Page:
A multiplatinum songwriter, Wyatt Easterling is no stranger to the craft of music, having spent thirty years in Nashville as a producer and publisher. Wyatt first came to Nashville as a folk singer hoping for a record deal but after signing on as a writer with a publishing company, he then built a career in A&R at Atlantic Records. Later he partnered with Miles Copeland to launch Bugle Publishing Group, where he signed a number of talented artists, including Paul Thorn and Keith Urban. After shifts in his professional and personal life, Easterling decided it was time to return to the very thing that drove him to Nashville in the first place—folk music.
Wyatt Easterling is a compelling storyteller, and nowhere is this more apparent than on his latest release, Divining Rod. Divining Rod shot to #5 on the Folk charts the month following its release in 2017 and captures Easterling’s folk roots: carving hope from heartache while spinning tales of return, redemption, and reclamation.
Divining Rod is Wyatt’s third album, preceded by Where this River Goes in 2009 and Goodbye, Hello in 2013. A true troubadour, Easterling carries his stories and guitar with him, having toured extensively through the US, Canada, and Europe Always at home on stage, the audience feels at home in his presence. With his smooth vocals and gritty lyrics, punctuated by intricate guitar work, Wyatt knows his way around a song and how to deliver it. The art of folk is the story of the song. In telling his own stories, Easterling tells those of us all. He is rooted back where it all began, writing toward his next album.
Deemed iconic among acoustic songwriters, Louisa Branscomb has been a pioneer for women performers, songwriters, and as one of the first women to front a band while playing the banjo and writing most of the bands repertoire. Her distinctions include 3 International Bluegrass Awards, Grammy cuts by Alison Krauss and John Denver, 2014 IBMA Song of the Year (Dear Sister, sung by co-writer Claire Lynch) and 1991 SPBGMA Song of the Year, Steel Rails, sung by Alison Krauss. Her some 200 songs recorded by herself and other artists have numerous chart distinctions. Her genre-shaping work recently earned her the coveted high honor of 2017 IBMA Distinguished Achievement Award.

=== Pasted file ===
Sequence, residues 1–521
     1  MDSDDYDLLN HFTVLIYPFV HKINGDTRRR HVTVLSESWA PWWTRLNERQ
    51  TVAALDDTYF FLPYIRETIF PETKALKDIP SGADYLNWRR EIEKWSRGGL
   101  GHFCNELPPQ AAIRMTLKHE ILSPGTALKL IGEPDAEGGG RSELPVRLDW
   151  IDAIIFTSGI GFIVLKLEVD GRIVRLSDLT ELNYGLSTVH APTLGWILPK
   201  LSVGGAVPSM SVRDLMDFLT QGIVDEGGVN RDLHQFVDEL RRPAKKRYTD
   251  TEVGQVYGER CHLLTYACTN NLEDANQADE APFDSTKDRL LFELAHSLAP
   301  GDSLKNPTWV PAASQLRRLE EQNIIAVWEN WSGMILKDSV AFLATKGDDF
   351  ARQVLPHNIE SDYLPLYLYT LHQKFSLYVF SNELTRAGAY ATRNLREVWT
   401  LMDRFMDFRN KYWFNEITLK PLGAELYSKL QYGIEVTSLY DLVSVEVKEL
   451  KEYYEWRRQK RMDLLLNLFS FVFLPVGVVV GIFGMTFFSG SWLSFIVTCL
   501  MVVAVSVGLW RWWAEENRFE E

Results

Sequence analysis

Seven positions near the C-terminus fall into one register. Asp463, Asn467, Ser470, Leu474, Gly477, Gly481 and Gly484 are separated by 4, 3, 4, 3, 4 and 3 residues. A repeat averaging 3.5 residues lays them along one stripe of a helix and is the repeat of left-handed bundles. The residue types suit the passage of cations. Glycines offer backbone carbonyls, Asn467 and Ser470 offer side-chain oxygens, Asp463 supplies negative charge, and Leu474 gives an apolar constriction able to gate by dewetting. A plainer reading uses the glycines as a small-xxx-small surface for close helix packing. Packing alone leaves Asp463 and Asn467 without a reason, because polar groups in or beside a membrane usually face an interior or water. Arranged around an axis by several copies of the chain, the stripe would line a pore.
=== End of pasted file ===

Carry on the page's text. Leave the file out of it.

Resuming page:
Louisa (mandolin, guitar, vocals) teams up with award winning vocalists and songwriters Jeanette Williams (bass, vocals/guitar vocals) to present a stage experience that is at once powerful, visionary, and down to earth — whether they are serving up a rediscovered vintage tune or a road/tested original. Both claim many nominations for vocalist of the year, an honor which Jeanette has walked away with an impressive 5 times (SPBGMA). Together with Louisa, theirs is a smooth, honest blend with contemporary refinement honed by roots and bluegrass sensibility that leaves audiences entertained and inspired.